en English
December 2022

When I asked Mr. Denhof if he was an avid reader, there was a long pause. Thinking back, that might have been the only one in our interview (you will see why from a fairly stereotypical observation later on). After the delay, there was a yes, followed by a but. Do you want to know more?

Speed reading is a survival skill of a top manager

Denhof explained that while he reads a lot, it is not necessarily the topics he wants to read [all the time]. Namely, in his position as the President of the Management Board of Nova KBM, the second-biggest Slovenian bank, he spends most of his time reading emails, reports, and policy documents. The company has around 400 policies, rulebooks, and strategies, some of them ranging up to two hundred pages. On top of this, other internal documentation, like board documents, can easily reach a thousand pages. So it can come to tens of thousands of pages per week to be digested!

Where does he find the time to go through all of this? Denhof emphasizes the importance of speed reading; otherwise, it would be impossible to keep up with the chaotic pace of changes. However, it is not merely enough to read through these papers. Denhof: “To approve them, you also have to understand them. So speed reading and speed comprehension are essentially key survival skills, particularly in highly regulated industries.”

And while reading is important, he stresses that gathering information through verbal communication with people is crucial to stay in front because not everything important gets written down! He routinely, twice or three times each week, interviews people from outside the bank (from regulators, business people, and artists to government officials and sportspeople), which gives him a better understanding of the economy and where it is heading.

When I prod further on the last non-work related book he read, he mentions a physics book on the Origins of the Universe that he picked up at an antique bookstore because it looked different (The Elegant Universe by Brian Greene, one of the world’s leading string theorists). And while Denhof’s all-time favorite books come from the Tolkien trilogy Lord of the Rings, he is not the kind of person that would bring a bunch of books on his holiday and lay on the beach with a drink in one hand and a Sci-Fi book in the other hand for hours on end. He is much too active for that – it only takes him a day to relax before he is off scuba diving, biking, or trekking in some mountains. And just from his travels in recent months, locations like Belaire, Curaçao, Jordan, Turkey, and Qatar slip off his tongue.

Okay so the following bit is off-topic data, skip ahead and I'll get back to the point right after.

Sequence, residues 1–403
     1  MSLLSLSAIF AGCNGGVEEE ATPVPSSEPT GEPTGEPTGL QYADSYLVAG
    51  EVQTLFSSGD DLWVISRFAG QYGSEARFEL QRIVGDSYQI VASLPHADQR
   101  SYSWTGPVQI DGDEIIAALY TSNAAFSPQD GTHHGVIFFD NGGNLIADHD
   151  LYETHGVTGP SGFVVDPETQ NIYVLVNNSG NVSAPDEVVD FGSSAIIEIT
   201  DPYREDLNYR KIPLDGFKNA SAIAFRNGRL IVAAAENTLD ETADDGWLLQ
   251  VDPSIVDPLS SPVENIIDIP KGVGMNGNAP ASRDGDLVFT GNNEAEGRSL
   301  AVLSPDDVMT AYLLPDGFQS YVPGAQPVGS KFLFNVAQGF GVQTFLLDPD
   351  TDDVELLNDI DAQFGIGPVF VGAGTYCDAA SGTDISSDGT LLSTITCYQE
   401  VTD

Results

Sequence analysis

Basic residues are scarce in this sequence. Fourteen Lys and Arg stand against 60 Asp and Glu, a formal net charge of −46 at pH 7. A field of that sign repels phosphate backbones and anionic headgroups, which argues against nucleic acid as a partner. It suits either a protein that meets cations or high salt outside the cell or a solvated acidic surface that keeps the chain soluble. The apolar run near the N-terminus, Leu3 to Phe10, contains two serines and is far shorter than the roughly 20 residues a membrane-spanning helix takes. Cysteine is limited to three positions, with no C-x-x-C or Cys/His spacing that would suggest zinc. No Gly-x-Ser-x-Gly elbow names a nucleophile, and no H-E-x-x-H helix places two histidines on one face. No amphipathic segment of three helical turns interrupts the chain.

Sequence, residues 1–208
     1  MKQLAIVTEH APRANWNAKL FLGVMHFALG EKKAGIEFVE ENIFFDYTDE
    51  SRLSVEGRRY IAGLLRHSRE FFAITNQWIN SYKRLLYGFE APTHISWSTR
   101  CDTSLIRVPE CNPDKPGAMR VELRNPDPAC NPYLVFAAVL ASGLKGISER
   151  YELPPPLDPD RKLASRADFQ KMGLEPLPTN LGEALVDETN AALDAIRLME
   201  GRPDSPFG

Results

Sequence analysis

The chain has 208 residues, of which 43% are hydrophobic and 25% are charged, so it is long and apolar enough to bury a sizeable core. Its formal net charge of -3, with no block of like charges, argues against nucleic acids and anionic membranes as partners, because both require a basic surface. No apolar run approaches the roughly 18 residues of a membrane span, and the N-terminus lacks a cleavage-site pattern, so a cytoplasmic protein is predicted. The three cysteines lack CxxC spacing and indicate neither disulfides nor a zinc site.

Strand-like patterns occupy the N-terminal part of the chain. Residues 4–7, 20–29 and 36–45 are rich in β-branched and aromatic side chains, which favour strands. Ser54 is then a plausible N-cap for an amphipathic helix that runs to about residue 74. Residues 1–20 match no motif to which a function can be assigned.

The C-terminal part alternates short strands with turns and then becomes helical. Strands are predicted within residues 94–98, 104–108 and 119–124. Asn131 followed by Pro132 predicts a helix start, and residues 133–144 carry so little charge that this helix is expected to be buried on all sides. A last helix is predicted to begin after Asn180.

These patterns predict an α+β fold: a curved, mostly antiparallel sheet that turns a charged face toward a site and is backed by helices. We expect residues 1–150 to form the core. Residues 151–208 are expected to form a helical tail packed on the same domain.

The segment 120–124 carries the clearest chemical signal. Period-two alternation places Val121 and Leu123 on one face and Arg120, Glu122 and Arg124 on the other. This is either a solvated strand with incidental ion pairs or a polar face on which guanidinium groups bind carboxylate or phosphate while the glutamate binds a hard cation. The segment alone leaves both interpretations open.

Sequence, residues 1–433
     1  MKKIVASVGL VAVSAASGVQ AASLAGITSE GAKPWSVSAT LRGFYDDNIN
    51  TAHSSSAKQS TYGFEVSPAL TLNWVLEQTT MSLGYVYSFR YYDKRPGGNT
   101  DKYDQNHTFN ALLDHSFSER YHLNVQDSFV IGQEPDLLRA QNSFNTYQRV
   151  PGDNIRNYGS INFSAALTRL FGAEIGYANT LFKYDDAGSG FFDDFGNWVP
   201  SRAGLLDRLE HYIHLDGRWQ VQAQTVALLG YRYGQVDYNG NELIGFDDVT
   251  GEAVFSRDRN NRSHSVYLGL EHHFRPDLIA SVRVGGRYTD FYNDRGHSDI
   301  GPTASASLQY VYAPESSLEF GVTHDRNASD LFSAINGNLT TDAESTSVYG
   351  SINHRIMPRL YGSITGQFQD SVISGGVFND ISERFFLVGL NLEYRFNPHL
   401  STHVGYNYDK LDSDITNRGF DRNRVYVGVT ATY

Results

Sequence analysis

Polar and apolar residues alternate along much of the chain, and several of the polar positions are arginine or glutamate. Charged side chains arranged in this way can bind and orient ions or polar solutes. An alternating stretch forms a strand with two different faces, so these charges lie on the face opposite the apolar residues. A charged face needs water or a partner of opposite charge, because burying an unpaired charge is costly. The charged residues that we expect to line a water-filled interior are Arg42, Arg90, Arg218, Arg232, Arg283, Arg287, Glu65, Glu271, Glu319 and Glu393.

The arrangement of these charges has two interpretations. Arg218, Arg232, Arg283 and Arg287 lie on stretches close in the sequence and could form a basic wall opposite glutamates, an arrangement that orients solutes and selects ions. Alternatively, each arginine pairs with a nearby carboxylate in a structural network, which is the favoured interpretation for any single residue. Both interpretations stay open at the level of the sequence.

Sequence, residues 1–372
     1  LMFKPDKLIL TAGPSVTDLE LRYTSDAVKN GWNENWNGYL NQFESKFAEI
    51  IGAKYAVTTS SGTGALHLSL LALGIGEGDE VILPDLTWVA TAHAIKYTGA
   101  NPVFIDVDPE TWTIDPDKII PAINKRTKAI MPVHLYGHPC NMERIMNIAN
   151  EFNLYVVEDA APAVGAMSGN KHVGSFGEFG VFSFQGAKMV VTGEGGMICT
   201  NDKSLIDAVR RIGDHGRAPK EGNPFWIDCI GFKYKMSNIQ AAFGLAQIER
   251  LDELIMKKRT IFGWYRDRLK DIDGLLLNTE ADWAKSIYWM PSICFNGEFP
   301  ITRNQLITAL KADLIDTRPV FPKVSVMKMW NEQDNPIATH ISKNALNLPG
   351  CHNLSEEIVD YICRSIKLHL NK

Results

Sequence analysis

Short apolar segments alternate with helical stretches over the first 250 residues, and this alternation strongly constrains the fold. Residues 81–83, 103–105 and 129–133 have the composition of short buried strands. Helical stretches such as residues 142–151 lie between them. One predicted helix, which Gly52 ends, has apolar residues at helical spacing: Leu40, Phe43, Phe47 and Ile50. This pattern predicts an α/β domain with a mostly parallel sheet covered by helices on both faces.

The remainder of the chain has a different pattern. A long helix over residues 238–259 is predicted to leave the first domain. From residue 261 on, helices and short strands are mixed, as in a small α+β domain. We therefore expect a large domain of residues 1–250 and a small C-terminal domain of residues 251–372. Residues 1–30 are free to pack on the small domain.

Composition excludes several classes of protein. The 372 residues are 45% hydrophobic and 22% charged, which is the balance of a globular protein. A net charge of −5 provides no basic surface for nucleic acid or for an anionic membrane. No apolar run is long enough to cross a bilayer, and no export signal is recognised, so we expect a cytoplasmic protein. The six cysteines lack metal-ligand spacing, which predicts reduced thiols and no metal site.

Diversity is key

Unsurprisingly, travel comes as second nature to Denhof, who, before joining Nova KBM, had a very international career in finance. He spent the first 30 years working for Citigroup in seven different countries, moving a total of thirteen times (!) during his tenure at the global bank. Citi bank had a culture of extreme diversity, and it was a huge positive; he has worked with all religions and races and in cultures and locations that could not be more different. He is a firm believer in the importance of diversity when building great teams. “The best teams,” he emphasizes, “are without any doubt diverse and mixed.” When moving to Slovenia, there was an element of shock – Denhof sees us as a very homogeneous society where you typically don’t encounter a lot of minorities. Furthermore, there might even exist a subconscious reactionary concern when putting foreigners in top management positions, particularly for state-owned or local-only companies.

This did not deter Denhof, who brought in only eight foreigners (two at the board level and the others elsewhere in the company, which had more than 2,000 employees). He intentionally chose some very diverse personalities with particular expert skill sets in which he felt the company was not strong enough (e.g., business analytics, IT, risk analytics, and client centricity). The importance of these highly qualified people was not only in their top-notch expertise but also in their catalyst and coaching mindset. They were, in short, a force for positive change, educating their colleagues who often have not worked outside Slovenia or the Balkans about how the best practices might look from wherever they can be found across the globe, e.g., Turkey, China, and America. Through their incentives and mentoring on the ground, the impact on Nova KBM was times a thousand, Denhof states. They significantly contributed to the company’s successful transformation over a relatively short time span (five years). Interestingly, most of these eight catalysts want to stay and continue their career here long-term. At the same time, it’s important to say that the entire bank worked together to achieve an impressive transformation. “And that,” says Denhof, “is the power of Diversity: Stealing shamelessly the best ideas, and implementing them better than the rest.”

Championing diversity has to come from the top